New Delhi: India is considering expanding its capacity to manufacture power generation equipment to meet the country’s growing requirements and address concerns about imported equipment, particularly from China.
The Planning Commission, the country’s apex planning body, is conducting a study on how to fine-tune the process of increasing domestic production capability without putting pressure on project timelines.
“When we need more power equipment and there is domestic demand, why don’t we produce our own,” said Arun Maira, the Planning Commission member who is preparing the report.
“The government would also look at the pros and cons of different sources of equipment, keeping in mind the need to meet current demand while also trying to increase domestic production,” he added.
The commission was given this responsibility about a month ago, and is expected to submit its report by the end of January, a top government official said on condition of anonymity.
It will look into the debate of foreign versus domestic competition, which has been raging for some time now. The official said Chinese-supplied equipment had been particularly problematic, prompting the government to commission the study.
India has a power generation capacity of 153,000MW and expects to add an additional 62,000MW by 2012. Of these, orders for a capacity of 42,431.58MW have been placed with Bharat Heavy Electricals Ltd (Bhel), the country’s largest power equipment maker, which has a current annual capacity of 10,000 MW.
“This capacity is not sufficient, given the huge demand for power in the country,” said Union power secretary H.S. Brahma. “We are expecting a demand of around 700,000MW in the next 30 years.”
Indian power generating firms have placed orders for equipment to generate 26,000MW with Chinese firms such as Shanghai Electric Group Co. Ltd, Dongfang Electric Corp. and Harbin Power Equipment Co. Ltd, largely because of the inability of local manufacturers to meet growing demand.
These companies are also sitting on so-called letters of intent from Indian firms for equipment to the tune of 25,000MW. Chinese equipment is also relatively inexpensive and readily available.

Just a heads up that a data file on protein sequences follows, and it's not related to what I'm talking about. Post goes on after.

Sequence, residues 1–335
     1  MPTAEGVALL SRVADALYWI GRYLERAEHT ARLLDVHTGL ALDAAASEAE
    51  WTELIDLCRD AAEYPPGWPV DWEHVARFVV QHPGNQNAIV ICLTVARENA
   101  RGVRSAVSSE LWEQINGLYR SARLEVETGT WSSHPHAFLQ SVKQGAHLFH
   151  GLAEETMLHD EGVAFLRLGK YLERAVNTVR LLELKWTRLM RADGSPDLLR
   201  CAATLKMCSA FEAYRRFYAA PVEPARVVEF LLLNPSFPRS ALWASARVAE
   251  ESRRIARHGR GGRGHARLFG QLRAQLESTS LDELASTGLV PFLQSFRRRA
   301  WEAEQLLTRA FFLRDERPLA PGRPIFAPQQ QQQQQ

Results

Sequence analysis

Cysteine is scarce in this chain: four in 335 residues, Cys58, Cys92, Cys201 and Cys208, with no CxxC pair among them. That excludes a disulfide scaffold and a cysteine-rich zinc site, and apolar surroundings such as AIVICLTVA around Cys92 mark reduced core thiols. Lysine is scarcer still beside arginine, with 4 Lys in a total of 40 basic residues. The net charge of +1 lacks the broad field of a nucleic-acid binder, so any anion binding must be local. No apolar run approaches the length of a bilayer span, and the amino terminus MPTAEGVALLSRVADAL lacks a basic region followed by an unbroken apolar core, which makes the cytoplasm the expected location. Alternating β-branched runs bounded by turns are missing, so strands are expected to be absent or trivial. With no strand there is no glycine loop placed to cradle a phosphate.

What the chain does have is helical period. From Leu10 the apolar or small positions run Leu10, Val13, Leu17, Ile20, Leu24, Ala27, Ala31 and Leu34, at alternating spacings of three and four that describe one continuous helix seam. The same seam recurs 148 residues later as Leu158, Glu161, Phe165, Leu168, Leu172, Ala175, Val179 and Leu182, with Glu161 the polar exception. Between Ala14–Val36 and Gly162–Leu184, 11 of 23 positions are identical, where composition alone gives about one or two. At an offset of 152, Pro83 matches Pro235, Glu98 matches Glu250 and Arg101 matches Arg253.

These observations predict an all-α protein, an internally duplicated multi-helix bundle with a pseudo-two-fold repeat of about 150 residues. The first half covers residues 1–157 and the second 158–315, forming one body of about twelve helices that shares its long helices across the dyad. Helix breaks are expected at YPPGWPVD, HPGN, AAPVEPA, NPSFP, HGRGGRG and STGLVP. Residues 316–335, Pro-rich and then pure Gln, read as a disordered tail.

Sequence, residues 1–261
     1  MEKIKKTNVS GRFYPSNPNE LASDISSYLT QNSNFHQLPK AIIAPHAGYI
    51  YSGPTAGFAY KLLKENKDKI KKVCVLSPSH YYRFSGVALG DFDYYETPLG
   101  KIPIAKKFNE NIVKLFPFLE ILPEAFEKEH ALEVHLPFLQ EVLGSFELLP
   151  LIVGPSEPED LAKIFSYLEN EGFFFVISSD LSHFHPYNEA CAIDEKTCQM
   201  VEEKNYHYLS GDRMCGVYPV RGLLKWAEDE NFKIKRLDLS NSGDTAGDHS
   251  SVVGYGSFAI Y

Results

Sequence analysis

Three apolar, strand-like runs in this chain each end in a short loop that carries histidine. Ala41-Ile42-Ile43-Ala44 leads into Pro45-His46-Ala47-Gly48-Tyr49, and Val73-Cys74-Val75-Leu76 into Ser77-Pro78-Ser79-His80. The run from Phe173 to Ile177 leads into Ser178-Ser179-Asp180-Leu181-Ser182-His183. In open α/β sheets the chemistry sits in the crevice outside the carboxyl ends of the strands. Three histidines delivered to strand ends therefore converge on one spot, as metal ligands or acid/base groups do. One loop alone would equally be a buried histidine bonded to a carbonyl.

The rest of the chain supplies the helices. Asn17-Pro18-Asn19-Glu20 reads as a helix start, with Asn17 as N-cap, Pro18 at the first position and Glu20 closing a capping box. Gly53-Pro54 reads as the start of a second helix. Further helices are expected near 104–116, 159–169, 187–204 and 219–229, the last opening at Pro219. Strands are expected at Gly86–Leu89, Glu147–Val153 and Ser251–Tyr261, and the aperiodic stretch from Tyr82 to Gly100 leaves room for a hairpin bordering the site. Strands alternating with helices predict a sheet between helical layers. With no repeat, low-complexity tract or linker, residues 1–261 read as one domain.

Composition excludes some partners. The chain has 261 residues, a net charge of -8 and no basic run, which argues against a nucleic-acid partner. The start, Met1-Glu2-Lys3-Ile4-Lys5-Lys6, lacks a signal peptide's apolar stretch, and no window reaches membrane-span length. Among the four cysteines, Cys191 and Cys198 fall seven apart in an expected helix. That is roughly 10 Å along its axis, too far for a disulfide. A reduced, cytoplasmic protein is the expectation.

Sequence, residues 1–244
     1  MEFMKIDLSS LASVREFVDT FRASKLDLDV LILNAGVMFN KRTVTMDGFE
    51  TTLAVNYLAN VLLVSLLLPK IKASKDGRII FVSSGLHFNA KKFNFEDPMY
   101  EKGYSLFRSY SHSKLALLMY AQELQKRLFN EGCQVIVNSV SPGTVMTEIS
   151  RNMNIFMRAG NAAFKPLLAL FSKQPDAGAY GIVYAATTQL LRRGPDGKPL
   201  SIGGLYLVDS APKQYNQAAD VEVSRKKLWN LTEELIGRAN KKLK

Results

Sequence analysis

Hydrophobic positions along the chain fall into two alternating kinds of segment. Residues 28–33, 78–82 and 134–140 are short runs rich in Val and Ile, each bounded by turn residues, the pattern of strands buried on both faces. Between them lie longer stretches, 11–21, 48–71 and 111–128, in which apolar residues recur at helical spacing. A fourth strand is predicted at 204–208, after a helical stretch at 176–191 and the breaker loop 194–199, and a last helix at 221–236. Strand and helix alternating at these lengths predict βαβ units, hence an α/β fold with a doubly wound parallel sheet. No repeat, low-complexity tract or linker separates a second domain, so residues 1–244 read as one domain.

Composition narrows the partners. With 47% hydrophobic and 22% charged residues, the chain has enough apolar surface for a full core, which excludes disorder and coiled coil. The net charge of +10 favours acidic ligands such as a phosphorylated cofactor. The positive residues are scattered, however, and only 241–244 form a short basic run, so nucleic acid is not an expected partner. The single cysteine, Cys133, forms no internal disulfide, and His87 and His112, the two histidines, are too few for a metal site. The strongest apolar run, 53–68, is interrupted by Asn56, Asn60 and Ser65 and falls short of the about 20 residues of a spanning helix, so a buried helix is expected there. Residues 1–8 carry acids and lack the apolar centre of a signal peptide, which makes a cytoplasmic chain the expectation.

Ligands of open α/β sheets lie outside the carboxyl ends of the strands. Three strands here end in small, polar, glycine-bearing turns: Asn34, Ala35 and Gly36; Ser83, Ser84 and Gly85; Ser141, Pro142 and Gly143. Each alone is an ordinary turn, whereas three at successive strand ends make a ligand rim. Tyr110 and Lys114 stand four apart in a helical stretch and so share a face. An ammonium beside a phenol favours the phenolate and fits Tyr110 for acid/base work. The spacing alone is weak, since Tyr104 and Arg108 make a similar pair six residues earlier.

Equipment makers, much like other exporters from China, benefit from low interest rates and an undervalued currency to boost exports. China exported $31.33 billion (Rs1.46 trillion today) of goods to India in 2008-09.
But India’s apex power sector planning body—the Central Electricity Authority, or CEA—has raised concerns about the quality of Chinese equipment. Questions emailed to the Chinese embassy in New Delhi remained unanswered at the time of filing this report.
The commission is seeking inputs from relevant ministries such as the power ministry, the commerce ministry, the ministry of heavy industries, the Department of Industrial Policy and Promotion as well as the finance ministry for the report.
“From the demand side, for the sake of local capacity, we shouldn’t delay (projects),” said Maria. “Companies such as Bhel have established track records but don’t have a large enough scale. Neither do we want to put all our eggs in one basket. If taxes seem to be high and therefore a handicap, then one has to keep looking at that also.”
Mint had reported on 26 October about CEA recommending the waiving of import duty on machinery that will be used to make supercritical power generation equipment. Such equipment, having a capacity of 660MW and above, helps in higher plant efficiencies and economies of scale, besides being environment-friendly.
But Hitul Gutka, an analyst at the Mumbai-based India Infoline Ltd, said imports of Chinese equipment could not be stopped. “It is the future. If we are planning to add large capacity expansion in the country, one needs to develop domestic manufacturing,” he said. “Providing tax sops will incentivize international players to set up capacities in India.”